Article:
China Creates Research Centre on WTO DSM

♠ Posted by Emmanuel in , at 5/13/2008 12:36:00 AM
If any country can be described as a lightning rod for trade complaints, China would be my choice, surpassing even the United States. Aside from being one of the world's three largest exporters, there are a handful of largely undisputed reasons why China is being continually embroiled in trade disputes: extensive use of statist policies, unprecedented currency intervention, weak intellectual property enforcement, and occasionally capricious attitudes to market access issues (at least by WTO rules). It should come as no surprise that China has been or is currently on the receiving end of ten matters which have been brought before the WTO's judicial body, the Dispute Settlement Mechanism (DS309, DS339, DS340, DS342, DS358, DS359, DS362, DS363, DS372, DS373) while it has only be a complainant in two (DS252, DS368).

Our favourite official publication, the People's Daily, now reports that China is creating a research body to look into the workings of the Dispute Settlement Mechanism (DSM). It's about time, I say. While I see it as being more of a defensive apparatus given China's oft-repeated status as a respondent to complaints, there may be some room for China to go on the offensive as well, although I can hardly see any more markets which Chin can pry open. Then again, I may be wrong. My suggestion to the Chines though would be to look into how to avoid being dragged into the DSM altogether as a more proactive way of defusing trade tensions:

A research center on World Trade Organization (WTO) dispute settlement mechanism was set up in Shanghai on Sunday, the first of its kind in the country. The China-WTO Dispute Settlement Mechanism Center (CWTODSMC) will offer suggestions and solutions to trade disputes for government and businesses, said Gong Baihua, deputy director of the center. The center was jointly founded by the Shanghai Institute of Foreign Trade and the Shanghai WTO Affairs Consultation Center, a non-governmental organization.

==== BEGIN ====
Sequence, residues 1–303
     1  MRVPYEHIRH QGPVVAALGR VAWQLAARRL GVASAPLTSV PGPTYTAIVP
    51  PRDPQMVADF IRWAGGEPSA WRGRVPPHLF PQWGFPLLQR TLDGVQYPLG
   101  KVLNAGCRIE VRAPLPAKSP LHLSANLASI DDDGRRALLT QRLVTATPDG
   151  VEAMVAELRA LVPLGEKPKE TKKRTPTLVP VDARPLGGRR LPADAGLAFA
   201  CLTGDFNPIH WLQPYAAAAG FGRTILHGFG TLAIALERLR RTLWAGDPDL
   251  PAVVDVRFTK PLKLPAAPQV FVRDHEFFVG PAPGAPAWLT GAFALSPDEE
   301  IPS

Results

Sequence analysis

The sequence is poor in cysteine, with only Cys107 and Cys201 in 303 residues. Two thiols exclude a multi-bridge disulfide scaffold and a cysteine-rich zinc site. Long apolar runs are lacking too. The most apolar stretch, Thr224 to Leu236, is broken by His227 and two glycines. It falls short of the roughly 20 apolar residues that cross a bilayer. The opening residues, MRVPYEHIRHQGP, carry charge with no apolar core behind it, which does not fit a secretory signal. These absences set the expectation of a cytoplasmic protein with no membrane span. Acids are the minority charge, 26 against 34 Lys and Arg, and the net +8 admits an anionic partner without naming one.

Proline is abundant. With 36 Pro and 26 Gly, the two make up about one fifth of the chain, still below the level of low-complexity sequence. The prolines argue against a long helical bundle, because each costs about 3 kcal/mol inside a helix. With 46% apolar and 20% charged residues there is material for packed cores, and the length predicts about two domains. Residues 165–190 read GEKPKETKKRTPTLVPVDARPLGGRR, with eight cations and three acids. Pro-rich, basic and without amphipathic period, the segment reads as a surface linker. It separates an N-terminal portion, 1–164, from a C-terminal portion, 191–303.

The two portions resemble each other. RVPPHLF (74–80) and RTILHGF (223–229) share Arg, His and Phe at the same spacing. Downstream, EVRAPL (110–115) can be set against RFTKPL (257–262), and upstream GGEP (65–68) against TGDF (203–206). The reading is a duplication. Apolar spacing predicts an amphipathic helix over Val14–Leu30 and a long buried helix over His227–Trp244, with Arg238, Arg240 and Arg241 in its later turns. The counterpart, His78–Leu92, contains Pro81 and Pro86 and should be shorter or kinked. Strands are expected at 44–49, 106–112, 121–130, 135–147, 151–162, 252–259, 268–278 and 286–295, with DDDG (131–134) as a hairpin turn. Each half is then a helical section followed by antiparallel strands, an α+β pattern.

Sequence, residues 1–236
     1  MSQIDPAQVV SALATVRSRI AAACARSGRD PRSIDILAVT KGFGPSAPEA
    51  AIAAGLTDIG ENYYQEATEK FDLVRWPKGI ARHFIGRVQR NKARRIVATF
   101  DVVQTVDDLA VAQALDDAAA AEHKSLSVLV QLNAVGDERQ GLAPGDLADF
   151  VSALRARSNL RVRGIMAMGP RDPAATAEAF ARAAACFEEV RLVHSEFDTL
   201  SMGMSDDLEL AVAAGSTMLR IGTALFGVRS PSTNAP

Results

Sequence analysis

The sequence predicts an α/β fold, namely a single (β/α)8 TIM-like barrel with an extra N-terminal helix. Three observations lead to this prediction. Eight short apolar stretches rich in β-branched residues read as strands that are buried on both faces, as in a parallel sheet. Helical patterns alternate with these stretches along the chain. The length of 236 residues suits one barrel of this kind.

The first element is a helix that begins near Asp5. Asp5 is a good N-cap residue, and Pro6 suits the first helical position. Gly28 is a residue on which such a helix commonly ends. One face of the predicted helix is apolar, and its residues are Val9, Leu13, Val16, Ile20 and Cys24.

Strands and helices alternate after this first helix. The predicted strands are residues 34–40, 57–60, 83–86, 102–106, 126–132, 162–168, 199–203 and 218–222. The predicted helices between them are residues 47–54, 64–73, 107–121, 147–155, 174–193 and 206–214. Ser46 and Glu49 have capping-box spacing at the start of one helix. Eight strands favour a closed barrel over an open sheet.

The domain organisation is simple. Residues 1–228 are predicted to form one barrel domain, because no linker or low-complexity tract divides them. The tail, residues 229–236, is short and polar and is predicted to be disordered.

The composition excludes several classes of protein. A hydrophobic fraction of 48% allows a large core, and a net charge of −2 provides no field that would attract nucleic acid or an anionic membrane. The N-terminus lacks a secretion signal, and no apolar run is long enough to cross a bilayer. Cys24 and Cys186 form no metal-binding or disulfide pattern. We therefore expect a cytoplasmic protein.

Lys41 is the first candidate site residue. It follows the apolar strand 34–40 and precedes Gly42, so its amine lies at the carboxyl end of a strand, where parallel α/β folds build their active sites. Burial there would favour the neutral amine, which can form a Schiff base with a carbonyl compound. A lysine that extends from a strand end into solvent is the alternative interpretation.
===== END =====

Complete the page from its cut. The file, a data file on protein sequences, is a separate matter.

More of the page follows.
"Such a research institute will help Chinese government and businesses further familiarize themselves with WTO rules and learn how to resolve disputes using the dispute settlement mechanism," said Zhang Yuejiao, one of the five counselors for the center. In November last year, Zhang was appointed by the WTO Dispute Settlement Body (DSB) as a member of the seven-person Appellate Body, which issues final rulings in trade disputes. She is the first Chinese judge on WTO's highest court. China has been facing a number of trade disputes in the past seven years after the country joined WTO.

BTW: There is an interesting political economy side story involving the selection of Zhang Yuejiao of the PRC as one of the DSM's appellate body members. Taiwan initially made a move to block this appointment, but things were eventually papered over between these countries which perennially joust at international organizations.